For most guys, buying a diamond engagement ring is an extremely stressful (and challenging) process to go through when planning a proposal. Can you imagine being hassled by a pushy salesperson who’s trying to hard sell you a $7,000 diamond ring while you are trying to determine the quality of the diamond with a level head?
It’s not easy and not a fun situation to be in especially when thousands of dollars are at stake.
Speaking from personal experiences, I can definitely empathize with many of such encounters. You see, the average person won’t have the necessary experience when it comes to choosing a diamond of good quality.
Make no mistake: Shopping for a high quality diamond is much more complicated than what you think.
If you blindly believe what a jeweler tells you about a diamond’s quality or depend solely on the ratings indicated by a grading report without performing due diligence, you are simply rolling the dice and praying for the best outcome when you make a purchase.
If you don’t want to get ripped off by an unethical jeweler or want to get the best value for your money, understanding diamond ratings and diamond quality charts (4cs) are a fundamental requirement.
And here are the five most important things you’ll learn about in this post.
1. Understanding Diamond Ratings – The 4Cs
2. Diamond Quality Charts And Rating Scales
3. How to Determine Diamond Quality?
4. What is the Best Diamond Quality?
5. What to Look For in a Diamond
6. Beyond4Cs.com’s Recommended Diamond Specs
In the industry, the quality of diamonds is determined by a culmination of factors like Cut, Color, Clarity and Carat. For people who new to diamond ring shopping, things can quickly get complicated.
How do you make sense of technical jargon like diamond clarity ratings, color grading scales, cut grading systems and categorization charts?
To prevent information overload, I’ve curated the best resources to help you understand the 4Cs in a succinct manner.
All you need to do is to invest 30 minutes of your time into reading them and I guarantee you will be more knowledgeable than 90% of jewelry salespeople out there.
* Important Readings:
– Cut Quality: Why It’s the Most Important Diamond Specification to Look Out For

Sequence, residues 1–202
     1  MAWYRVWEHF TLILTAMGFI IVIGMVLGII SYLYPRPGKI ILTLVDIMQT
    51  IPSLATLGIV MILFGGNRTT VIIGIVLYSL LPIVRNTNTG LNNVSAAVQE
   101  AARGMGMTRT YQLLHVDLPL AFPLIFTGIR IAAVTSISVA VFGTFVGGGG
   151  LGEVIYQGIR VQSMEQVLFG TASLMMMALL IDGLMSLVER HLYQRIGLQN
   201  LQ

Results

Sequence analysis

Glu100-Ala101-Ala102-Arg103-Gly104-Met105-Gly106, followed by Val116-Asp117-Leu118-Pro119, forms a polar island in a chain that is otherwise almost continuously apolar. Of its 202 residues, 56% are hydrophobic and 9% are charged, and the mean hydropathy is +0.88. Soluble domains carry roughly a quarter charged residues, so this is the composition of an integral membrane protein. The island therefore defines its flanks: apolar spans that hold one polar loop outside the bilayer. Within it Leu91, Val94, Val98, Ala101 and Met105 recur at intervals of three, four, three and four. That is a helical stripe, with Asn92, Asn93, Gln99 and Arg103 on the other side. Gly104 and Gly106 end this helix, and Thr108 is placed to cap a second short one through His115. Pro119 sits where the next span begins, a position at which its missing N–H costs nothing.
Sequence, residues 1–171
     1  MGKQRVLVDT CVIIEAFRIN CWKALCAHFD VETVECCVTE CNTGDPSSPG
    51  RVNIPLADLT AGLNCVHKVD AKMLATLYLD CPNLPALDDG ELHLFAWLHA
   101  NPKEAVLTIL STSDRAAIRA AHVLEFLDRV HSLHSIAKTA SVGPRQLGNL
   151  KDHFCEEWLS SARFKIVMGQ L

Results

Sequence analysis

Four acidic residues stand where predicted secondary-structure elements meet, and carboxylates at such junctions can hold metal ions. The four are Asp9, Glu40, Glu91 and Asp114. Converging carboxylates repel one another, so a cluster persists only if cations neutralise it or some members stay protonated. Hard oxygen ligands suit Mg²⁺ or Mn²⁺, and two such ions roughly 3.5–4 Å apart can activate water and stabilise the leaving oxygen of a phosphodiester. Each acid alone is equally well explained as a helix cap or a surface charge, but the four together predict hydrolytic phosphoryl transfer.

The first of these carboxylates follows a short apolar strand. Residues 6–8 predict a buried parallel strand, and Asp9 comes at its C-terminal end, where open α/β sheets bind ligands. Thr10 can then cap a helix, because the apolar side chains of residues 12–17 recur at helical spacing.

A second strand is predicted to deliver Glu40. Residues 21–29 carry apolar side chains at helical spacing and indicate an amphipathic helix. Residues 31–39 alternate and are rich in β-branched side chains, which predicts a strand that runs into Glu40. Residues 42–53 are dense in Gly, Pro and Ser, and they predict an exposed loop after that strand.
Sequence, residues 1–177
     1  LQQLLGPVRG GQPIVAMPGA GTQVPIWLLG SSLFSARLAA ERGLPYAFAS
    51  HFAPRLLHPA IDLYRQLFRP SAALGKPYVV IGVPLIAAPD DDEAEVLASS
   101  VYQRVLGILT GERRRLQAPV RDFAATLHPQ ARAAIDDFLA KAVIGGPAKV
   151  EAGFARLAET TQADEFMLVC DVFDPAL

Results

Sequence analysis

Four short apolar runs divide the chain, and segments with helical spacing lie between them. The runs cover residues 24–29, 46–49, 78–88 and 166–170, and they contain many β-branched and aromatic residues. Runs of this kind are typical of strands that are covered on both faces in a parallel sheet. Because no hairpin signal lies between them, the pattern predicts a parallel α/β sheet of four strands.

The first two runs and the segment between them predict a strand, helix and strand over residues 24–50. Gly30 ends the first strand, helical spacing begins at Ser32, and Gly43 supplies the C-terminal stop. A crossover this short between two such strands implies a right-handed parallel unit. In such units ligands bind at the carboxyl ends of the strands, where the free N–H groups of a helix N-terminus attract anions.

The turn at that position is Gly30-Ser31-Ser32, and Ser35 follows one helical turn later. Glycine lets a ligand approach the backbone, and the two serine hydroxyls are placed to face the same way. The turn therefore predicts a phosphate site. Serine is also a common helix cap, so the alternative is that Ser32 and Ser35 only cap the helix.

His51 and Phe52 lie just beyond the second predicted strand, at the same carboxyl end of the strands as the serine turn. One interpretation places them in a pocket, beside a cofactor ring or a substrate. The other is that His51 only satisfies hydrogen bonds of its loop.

– Color: Explanation of the Color Scale And a Comparison Test You Can Do
– Clarity: What the Different Diamond Classification And Charts Mean to a Consumer
– Carat Weight: Size Matters And How You Can Use It to Save Money!
For people who are in a time crunch, here’s a summary of the diamond rating scales and charts for your convenience.
A well cut diamond has better light return which results in better sparkle and brilliance.
Classification of diamond color on a D (colorless) – Z (tinted) scale.
Clarity is an aspect that depicts the presence of inclusions and flaws in the diamond.
Carat weight is a measure of how heavy the diamond is and not necessarily how large it appears to be.
I strongly encourage you to read and understand the resources listed in the section above. By spending only 30 minutes of your time, it can potentially save you thousands of dollars from a bad purchase.
As a consumer, you will need to rely on a neutral 3rd party grading certificate to provide you with an accurate assessment of the diamond’s quality. Currently, there are only 2 reliable gemological institutes that does this with consistent and reliable standards: GIA and AGS.
Now, I want you to repeat this after me: “I will ONLY buy a diamond that’s graded by GIA or AGS.”
Get this statement etched into your brain because you will likely come across jewelers who offer in-house certificates or show you a report from a dubious gemological lab. Very often, they tout it to be as good as the ones issued by GIA/AGS.
Unethical jewelers often market their “inhouse” certificates to be impartial and to be “as good as” GIA’s. This is done to rip off uneducated consumers through the misrepresentation of diamond quality.
– Differences Between Gemological Labs And Grading Certificates – Who Should You Avoid
– Don’t Be a Victim of Grade Bumping Scams When Shopping For an Engagement Ring
– Think You Are Getting a Great Deal With Cheap or Wholesale Diamonds? You Better Think Again.
Using the GIA grading scale, the best diamond quality that you can get is a D color, Flawless clarity diamond with Excellent cut quality. In conjunction with these ratings, the symmetry and polish grades should both be Excellent as well.